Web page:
For newly published books, the hardback usually comes first. Then it is an excruciating wait for the cheaper paperback that will not bust the bank. As someone who is obsessed with making my bookshelf look aesthetically pleasing, I hate combining paperbacks and hardbacks in a series – they must look uniform. So, I will usually wait patiently for the paperback. Worse is when the cover is redesigned mid-series, but that is a rant for another day. Sounds rather sad, I know. However, I don’t have the money to fund my book addiction if I were to buy hardbacks, so second-hand bookshops are, or were (thanks Ferguson and Boris), my lifeline.
It is logical that hardbacks cost more. Mass market hardback books come out first and the higher price helps make more money off sales. Authors must make profit somehow in a sector notoriously difficult to become a big seller. We are willing to pay more for hardbacks for various reasons. We have individually attached subjective value to hardbacks greater than paperbacks. As more people hold this view, the value becomes a collective value, a shared psychological conception on the worth of a hardback versus a paperback. We may value the sturdiness, we may value how at the start it is newer and later it is older, maybe even a first edition.
There is also the matter of time-preference; do you mind paying more to read it new or are you willing to wait up to a year for the cheaper paperback?
Marketing is key to influencing the prices we deem permissible for a book. Hardbacks may have fancier covers, be longer lasting and have a dust jacket to protect it. There is also the matter of time-preference; do you mind paying more to read it new or are you willing to wait up to a year for the cheaper paperback? The pricing of books is a rather niche window into the interesting world of the economics of pricing.
This goes for academic texts too. Both paperbacks and hardbacks are more expensive than books for the general public due to extremely limited demand, the time-preference of needing the newest scholarship for university libraries, and all compounded by the monopolistic cartel-like behaviour of publishers. A significant problem, especially, as I previously explored, for academic eBooks. Due to basic economics along with publishers’ behaviour, we have resigned ourselves to the idea that academic texts will cost you your first-born son and your left leg.
Older books are also just better than new ones, both in content and in their hidden secrets, so I find browsing second-hand bookshops much more rewarding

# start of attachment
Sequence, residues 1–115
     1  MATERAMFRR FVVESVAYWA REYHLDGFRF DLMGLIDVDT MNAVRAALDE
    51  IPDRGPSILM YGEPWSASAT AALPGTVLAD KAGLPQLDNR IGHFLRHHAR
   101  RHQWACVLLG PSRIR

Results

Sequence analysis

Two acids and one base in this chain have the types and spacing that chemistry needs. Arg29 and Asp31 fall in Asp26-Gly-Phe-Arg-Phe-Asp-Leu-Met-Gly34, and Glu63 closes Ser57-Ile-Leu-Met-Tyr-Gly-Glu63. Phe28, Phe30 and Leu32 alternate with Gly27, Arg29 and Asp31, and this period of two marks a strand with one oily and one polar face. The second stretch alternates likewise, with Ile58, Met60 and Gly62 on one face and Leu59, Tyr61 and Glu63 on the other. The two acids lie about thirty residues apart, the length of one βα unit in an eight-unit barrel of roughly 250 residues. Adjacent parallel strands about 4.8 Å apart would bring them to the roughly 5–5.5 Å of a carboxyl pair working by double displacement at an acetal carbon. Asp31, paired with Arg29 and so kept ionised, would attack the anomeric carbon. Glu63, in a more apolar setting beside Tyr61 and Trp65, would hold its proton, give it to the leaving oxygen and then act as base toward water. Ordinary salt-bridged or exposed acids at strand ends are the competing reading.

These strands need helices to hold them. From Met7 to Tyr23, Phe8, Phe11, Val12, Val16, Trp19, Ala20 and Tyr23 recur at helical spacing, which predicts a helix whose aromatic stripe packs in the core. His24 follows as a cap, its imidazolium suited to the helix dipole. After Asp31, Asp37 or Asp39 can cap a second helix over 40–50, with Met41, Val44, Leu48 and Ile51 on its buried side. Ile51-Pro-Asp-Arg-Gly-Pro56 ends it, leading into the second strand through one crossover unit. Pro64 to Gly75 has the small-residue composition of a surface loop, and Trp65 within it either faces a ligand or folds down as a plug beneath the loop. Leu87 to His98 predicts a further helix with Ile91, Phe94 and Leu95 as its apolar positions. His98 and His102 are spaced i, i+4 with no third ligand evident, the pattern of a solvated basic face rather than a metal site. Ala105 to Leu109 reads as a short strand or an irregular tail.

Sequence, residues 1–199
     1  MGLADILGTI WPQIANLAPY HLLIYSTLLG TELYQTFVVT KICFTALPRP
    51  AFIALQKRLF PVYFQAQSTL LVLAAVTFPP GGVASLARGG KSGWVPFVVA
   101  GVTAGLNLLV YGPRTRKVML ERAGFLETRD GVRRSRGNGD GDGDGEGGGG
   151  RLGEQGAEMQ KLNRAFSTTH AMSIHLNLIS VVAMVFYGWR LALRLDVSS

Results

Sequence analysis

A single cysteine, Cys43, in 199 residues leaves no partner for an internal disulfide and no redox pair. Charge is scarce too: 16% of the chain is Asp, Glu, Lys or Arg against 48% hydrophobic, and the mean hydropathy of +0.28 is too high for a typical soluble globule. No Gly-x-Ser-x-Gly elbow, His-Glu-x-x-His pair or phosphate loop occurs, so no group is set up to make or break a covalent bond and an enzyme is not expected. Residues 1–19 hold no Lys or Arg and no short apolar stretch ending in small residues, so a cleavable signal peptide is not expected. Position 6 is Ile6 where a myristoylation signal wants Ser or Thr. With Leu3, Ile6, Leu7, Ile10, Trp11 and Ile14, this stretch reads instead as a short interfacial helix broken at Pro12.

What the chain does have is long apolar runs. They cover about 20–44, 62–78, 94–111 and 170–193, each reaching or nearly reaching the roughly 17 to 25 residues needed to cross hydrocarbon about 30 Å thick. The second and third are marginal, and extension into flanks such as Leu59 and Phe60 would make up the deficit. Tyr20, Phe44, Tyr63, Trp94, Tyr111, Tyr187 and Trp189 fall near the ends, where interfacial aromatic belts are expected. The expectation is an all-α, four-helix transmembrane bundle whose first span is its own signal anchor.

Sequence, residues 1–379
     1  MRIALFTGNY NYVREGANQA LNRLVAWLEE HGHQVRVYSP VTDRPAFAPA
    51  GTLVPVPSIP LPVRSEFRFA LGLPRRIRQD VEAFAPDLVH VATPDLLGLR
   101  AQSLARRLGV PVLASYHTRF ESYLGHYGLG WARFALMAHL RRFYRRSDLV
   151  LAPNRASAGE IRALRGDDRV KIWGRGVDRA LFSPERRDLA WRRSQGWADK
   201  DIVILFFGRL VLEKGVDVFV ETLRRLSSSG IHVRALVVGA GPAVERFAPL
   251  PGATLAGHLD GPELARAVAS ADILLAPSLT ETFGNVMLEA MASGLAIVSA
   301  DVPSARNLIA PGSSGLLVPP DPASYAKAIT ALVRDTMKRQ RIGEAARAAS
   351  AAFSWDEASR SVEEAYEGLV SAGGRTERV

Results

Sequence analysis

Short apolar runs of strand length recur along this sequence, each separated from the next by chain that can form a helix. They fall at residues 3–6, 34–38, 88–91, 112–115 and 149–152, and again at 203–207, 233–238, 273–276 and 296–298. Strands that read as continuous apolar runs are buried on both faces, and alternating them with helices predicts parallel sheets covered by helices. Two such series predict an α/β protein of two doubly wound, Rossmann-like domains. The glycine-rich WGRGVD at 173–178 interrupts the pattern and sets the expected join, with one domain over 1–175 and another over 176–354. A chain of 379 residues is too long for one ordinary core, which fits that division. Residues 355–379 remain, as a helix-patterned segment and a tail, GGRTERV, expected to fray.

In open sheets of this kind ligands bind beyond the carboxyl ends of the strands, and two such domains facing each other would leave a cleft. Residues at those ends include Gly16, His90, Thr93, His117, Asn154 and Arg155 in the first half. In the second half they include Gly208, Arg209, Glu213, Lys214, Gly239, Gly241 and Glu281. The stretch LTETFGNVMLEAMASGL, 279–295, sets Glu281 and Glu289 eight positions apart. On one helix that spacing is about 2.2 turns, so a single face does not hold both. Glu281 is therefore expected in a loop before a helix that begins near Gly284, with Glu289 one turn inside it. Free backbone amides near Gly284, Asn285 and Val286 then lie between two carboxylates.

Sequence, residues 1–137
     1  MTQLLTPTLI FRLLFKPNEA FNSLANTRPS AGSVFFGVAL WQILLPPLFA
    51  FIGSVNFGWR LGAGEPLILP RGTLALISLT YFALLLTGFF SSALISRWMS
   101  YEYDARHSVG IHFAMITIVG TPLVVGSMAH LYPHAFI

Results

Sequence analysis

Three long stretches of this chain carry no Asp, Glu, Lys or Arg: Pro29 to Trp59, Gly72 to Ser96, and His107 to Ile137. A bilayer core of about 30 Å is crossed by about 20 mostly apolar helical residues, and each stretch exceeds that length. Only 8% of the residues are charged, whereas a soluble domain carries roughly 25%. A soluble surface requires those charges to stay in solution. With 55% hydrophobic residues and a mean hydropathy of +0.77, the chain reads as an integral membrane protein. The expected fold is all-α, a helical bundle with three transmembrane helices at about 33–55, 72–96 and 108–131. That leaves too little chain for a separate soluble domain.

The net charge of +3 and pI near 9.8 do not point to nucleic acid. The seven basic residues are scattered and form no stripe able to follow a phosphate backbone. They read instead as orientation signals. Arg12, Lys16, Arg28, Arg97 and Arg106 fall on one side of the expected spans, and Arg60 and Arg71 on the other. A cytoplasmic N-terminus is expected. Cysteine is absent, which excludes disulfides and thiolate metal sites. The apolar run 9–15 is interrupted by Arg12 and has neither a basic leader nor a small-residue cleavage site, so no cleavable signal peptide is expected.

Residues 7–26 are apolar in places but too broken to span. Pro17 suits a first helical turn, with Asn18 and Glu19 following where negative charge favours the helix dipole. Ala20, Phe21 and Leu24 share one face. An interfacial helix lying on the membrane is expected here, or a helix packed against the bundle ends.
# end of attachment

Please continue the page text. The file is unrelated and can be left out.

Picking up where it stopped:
Even when the paperback is out, the hardback costs more if still in print. We place greater value on the binding as we do for our time-preference. Hence special bindings and editions cost so much, and people are prepared to pay. Take the Folio Society, for example, where on their website books range from £30 to over £300 – I only have second-hand versions. Some books on their website are leatherbound and hand-bound, all are unmistakably beautiful collector’s items. Their scarcity and ornateness drive their price. The extras such as lovely new colour images, new introductions and updates from authors or editors, and of course the lovely new covers and bindings, all make for gorgeous books to own and display. I could never pay the full price since I am sadly not made of money.
Books in general tend to be cheap these days. If you go to Satan’s website – sorry, I mean Jeff Bezos’ Amazon – you can find new books for incredibly cheap, ranging from a couple of pounds up to maybe £20. The monopoly on book discovery and selling allows Amazon to force prices to be what they like. In the age of buying eBooks for a pittance, many people have switched as it is easier to be ensnared by Amazon’s Kindle market with books for 99p or nothing. Authors would obviously love to see higher prices for a more comfortable living, but they must perform a balancing act, otherwise people would find them too expensive and not buy. This is made even harder by Amazon’s hardball pricing and licensing.
When I visit shops like Waterstones or Blackwells (anyone else remember the days when we were not banned from bookshops and a fulfilling life?), I may buy nothing or just the single book. It is a treat, as buying full price books from there, ranging upwards of £20, is unsustainable. Older books are also just better than new ones, both in content and in their hidden secrets, so I find browsing second-hand bookshops much more rewarding. It is also an oddity of Amazon Marketplace that used hardbacks are often cheaper than used paperbacks.
For students, I recommend using library access to places like Cambridge University Press to pick up any books that take your fancy. Get yourself a PDF merger and your finds, whilst not the same as physical books, may go some way to that £9,250pa fee.